Wal-Mart said earlier this week that 12,000 veterans have applied for the veterans program since Memorial Day when the plan officially kicked off.

As part of its program to buy more goods in the U.S., Wal-Mart is now selling towels made in Georgia in 600 of its 4,000 namesake stores as part of its partnership with a company called 1888 Mills. It plans to roll out distribution to another 600 by September. Wal-Mart is also working with other new and existing suppliers to produce basics like T-shirts and mattress covers here in the U.S.

Wal-Mart is also determined to stand up to its critics that claim it doesn’t treat its workers well. It has launched a website called that it hopes will do a better job in telling its side of the story about how the company is a place of opportunity for workers. It’s expected to pound the message at the annual meeting that nearly 75 per cent of its workers in store management positions started out in hourly positions.

“This year, there are no more free shots at you,” said Bill Simon, CEO of Wal-Mart’s namesake division, in an address to U.S. workers at a rally on Wednesday. “We will not stand for that.”

But a year after Wal-Mart faced strong shareholder dissent over board members in the wake of allegations of bribery in Mexico, such criticism is only growing louder. The New York Times first reported in April 2012 that Wal-Mart failed to notify law enforcement that company officials authorized millions of dollars in bribes in Mexico to speed up getting building permits and gain other favours. Wal-Mart has been working with government officials in the U.S. and Mexico on that investigation. The company has said it has been investing in fortifying controls overseas and has hired new executives to oversee compliance.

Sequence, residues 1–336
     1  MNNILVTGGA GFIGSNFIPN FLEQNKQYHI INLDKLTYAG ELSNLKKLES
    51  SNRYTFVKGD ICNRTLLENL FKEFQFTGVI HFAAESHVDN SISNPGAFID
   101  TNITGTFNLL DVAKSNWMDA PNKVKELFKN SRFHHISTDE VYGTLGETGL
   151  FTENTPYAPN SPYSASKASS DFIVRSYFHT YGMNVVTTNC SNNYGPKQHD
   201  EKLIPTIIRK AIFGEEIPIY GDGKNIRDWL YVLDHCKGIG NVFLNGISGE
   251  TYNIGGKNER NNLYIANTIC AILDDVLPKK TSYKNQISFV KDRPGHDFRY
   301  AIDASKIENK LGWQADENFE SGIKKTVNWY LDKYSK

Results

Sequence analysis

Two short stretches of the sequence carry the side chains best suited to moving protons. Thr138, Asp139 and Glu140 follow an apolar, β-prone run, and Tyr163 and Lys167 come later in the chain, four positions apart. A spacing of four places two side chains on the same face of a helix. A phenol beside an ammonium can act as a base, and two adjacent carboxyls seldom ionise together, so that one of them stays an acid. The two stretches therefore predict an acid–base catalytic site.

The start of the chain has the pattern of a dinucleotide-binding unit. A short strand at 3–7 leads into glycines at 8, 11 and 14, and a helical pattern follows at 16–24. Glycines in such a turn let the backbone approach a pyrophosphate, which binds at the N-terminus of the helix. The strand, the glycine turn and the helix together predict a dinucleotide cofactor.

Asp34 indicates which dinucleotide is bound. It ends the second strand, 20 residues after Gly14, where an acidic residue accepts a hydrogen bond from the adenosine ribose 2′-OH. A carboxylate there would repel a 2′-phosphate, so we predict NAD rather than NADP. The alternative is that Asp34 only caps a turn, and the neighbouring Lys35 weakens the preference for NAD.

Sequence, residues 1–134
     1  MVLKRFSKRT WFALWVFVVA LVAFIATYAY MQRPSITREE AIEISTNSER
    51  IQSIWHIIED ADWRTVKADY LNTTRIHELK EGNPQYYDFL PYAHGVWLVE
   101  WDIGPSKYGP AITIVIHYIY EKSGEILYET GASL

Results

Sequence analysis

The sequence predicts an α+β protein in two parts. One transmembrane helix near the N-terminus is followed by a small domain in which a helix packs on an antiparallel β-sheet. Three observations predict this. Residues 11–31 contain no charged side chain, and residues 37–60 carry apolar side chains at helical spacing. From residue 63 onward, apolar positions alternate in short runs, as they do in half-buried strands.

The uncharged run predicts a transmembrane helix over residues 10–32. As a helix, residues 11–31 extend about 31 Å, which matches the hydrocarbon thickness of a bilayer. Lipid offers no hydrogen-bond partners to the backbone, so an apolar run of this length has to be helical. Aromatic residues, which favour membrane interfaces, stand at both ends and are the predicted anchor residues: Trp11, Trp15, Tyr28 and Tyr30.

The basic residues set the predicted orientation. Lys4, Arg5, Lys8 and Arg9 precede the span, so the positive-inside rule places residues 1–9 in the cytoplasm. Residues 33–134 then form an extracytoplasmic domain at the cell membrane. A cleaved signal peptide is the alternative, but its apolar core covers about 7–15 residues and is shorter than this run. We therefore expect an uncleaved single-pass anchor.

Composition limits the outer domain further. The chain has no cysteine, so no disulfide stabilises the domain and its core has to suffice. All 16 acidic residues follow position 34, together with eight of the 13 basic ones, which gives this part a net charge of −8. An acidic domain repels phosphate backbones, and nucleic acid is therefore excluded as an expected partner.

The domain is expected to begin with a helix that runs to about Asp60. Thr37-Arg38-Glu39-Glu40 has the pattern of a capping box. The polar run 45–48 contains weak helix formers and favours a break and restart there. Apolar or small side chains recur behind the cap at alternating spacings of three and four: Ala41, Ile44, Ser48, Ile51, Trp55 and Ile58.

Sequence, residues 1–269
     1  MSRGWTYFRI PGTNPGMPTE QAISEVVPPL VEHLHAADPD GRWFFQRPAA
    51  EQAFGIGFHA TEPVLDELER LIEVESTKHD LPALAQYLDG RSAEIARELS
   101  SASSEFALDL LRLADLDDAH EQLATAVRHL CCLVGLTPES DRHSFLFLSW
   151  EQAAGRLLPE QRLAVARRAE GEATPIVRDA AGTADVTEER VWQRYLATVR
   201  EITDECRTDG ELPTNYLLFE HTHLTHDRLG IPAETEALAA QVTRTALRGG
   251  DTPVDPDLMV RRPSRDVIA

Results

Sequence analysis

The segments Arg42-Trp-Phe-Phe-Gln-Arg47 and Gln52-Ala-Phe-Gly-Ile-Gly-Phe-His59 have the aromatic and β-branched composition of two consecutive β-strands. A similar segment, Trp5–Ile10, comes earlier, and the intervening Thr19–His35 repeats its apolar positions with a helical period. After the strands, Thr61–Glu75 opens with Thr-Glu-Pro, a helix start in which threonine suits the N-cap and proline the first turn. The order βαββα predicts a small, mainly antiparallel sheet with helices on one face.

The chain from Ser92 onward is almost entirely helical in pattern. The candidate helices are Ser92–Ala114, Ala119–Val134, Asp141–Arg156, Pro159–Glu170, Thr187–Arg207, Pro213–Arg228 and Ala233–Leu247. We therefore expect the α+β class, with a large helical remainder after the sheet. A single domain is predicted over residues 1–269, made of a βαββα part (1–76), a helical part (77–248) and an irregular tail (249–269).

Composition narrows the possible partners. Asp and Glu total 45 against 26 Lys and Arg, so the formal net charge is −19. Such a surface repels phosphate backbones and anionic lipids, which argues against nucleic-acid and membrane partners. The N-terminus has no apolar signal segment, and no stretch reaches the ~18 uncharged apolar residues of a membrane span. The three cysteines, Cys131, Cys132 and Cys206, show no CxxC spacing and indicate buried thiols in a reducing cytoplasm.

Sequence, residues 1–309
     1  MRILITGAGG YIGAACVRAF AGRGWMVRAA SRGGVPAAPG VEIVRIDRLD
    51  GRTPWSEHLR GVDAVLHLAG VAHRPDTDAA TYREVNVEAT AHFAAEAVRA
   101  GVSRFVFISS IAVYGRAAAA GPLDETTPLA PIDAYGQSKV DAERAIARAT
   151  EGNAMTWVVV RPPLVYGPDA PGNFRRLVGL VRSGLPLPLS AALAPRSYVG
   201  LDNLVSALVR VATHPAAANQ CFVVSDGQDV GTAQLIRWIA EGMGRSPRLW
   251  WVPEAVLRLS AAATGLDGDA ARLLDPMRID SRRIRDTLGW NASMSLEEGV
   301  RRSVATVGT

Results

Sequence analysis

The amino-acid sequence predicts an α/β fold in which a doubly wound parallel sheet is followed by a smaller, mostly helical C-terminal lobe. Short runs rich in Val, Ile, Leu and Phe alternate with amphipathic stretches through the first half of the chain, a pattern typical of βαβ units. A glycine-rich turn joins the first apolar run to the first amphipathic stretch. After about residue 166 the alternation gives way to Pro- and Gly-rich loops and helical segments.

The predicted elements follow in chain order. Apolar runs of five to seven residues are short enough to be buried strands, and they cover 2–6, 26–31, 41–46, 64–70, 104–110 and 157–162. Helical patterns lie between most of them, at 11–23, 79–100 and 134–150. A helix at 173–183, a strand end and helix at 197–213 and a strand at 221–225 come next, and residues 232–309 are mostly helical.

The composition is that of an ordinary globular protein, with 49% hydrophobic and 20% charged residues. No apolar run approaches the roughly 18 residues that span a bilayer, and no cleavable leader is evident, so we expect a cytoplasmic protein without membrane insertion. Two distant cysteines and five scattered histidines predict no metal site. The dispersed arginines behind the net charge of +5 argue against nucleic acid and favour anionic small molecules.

That hasn’t been enough to placate investors.

The New York City Pension Funds plans to vote against nine of Wal-Mart’s 14 board nominees at the shareholders’ meeting Friday.

City Comptroller John Liu’s office, which oversees the fund, said Wednesday that the fund is concerned with the board’s failure to comply with laws and its own policies. The fund owns 5.1 million shares, or less than 1 per cent, of the world’s largest retailer. The fund voted against five of Wal-Mart’s nominees last year.

With descendants of Wal-Mart’s founder owning about 50 per cent of Wal-Mart’s shares, activist shareholders have little chance of voting out the board members. But the growing dissent shows a loss of confidence with the board.

Meanwhile, Wal-Mart has been criticized for not signing a global, legally binding pact intended to make Bangladesh clothing factories safe. The pact has been signed by mostly European retailers including Benetton and H&M.

Instead, Wal-Mart announced its own steps for increasing its monitoring of factories overseas. That includes conducting in-depth inspections at all of the 279 factories it uses in Bangladesh. It has said it plans to make the inspection information public.